WASHINGTON – As the first African-American attorney general, Eric Holder holds a unique status in American life. Last week he visited some of the people who had a role in strife-torn Ferguson, Mo.
His meetings had a dual purpose. The first was to calm the tensions of black witnesses, and perhaps some participants, to the rioting and looting that ripped up the community for a week. His visits happily coincided with the sharp reduction of violence.
The second was to put a political stamp on the week of black outrage – a label that Democrats hope will invigorate the party though this year’s midterm elections and save their majority in the Senate.
It is no longer a slander to accuse an attorney general of political and social bias after the highly partisan behavior of attorneys general under Republican President George W. Bush, particularly that of Alberto Gonzales. Just as under Bush, political tilt comes with the territory under President Obama.
While in Ferguson, Holder made sure his minority listeners knew who the real victims are, telling a story about how as a young black man he was hassled by police in New Jersey.
The victims of the mayhem that followed the death of unarmed black Michael Brown, 19, by a white police officer were blacks habitually victimized by brutal white cops, Holder suggested.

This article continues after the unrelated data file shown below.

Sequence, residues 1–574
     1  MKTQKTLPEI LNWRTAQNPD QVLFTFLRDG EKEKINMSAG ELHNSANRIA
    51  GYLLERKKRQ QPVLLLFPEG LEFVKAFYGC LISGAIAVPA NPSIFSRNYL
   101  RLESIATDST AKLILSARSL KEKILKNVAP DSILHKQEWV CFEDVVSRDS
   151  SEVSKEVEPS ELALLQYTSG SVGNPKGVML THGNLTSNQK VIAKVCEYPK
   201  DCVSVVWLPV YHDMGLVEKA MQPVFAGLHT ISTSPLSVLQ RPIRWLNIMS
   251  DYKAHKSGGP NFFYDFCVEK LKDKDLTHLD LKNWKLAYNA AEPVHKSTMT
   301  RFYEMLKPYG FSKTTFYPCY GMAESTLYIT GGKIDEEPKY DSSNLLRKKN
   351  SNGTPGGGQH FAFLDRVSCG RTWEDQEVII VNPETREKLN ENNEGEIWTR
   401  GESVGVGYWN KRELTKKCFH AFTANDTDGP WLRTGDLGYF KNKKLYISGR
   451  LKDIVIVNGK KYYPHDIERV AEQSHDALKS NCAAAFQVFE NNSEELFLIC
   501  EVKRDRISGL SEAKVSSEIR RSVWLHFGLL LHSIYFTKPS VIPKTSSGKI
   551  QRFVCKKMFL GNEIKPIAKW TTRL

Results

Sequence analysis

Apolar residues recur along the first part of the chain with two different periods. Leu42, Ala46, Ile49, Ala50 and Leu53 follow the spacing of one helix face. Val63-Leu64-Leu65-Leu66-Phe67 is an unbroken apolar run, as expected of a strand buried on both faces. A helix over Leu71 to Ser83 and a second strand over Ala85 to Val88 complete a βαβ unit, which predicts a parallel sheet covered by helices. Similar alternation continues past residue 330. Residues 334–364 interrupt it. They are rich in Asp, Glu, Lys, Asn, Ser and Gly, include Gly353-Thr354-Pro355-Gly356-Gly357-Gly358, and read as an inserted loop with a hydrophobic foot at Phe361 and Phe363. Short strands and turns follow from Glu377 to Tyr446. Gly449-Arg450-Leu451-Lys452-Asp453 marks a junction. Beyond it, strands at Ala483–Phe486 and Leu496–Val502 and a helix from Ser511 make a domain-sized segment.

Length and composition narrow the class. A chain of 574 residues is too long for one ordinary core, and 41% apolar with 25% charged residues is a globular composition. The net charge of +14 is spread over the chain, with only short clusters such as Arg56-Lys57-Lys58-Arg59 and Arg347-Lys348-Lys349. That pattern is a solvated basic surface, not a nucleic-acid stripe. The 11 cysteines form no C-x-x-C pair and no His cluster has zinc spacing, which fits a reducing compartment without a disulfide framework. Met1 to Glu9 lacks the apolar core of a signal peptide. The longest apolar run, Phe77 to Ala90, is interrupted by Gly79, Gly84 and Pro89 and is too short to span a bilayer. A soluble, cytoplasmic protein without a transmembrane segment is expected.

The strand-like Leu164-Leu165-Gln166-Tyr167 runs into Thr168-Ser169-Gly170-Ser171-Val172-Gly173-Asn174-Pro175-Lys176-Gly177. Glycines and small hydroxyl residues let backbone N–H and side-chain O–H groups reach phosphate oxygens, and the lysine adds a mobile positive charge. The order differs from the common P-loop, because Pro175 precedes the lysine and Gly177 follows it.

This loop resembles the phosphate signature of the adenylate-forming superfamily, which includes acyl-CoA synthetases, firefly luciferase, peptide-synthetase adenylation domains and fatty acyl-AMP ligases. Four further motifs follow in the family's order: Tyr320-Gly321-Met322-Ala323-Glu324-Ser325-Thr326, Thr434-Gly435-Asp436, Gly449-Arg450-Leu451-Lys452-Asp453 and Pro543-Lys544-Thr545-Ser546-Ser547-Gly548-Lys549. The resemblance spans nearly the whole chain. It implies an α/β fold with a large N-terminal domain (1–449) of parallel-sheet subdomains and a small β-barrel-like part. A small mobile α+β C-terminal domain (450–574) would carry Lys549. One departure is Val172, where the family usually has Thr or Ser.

With that message, Holder decided that the price of the chaos these days needs to be the rule of law – the notion under English common law, which we inherited, that citizens voluntarily comply, or obey the law on their own. That protests must be peaceable.
There is no record that Holder met with two other classes of victims of Ferguson violence, including the half-dozen police officers hurt in the riots. And just as important, there is no record that Holder met with businesspersons whose establishments were ransacked, burned and looted by the rioters. Many of the owners of these places are members of another minority – Asian-Americans.
It will take a long time to eradicate the lesson Holder, Al Sharpton and others taught in Ferguson. It will persist long after the tragedy of Michael Brown fades: That after the peaceable civil rights struggles of the late 1960s, there is a new legitimacy, or at least forgiveness, for collective savagery in the streets.
The passions of the mob have been joined by CNN, which is campaigning to force Missouri Gov. Jay Nixon to replace Robert McCulloch, the St. Louis County prosecutor, as the lead investigator into the street shooting of Michael Brown by Officer Darren Wilson. Missouri State Sen. Jamilah Nasheed has collected 70,000 signatures on an online petition that McCullough remove himself. The grounds are that McCulloch’s family has been too close to the police.
The reason that Ferguson exploded, and other poor communities can detonate, is that both parties in power here have forgotten the black families that have been ditched by the global economy. While black unemployment – which is more than double that of whites – persisted under Bush, the blame must fall now on President Obama. Call it benign neglect.
Even in 2009 and 2010 when the Democrats ruled both houses of Congress and the White House, Democrats did absolutely nothing, and proposed nothing to address the long-standing social issues festering in the ghettos.
Republicans, who now run the House and who may win the Senate in November, are even more indifferent to the needs of urban America – which now includes many first-ring suburbs like Ferguson.
Nothing less than an effort like Lyndon Johnson’s Great Society will solve these deep social problems. But where’s the leadership for that?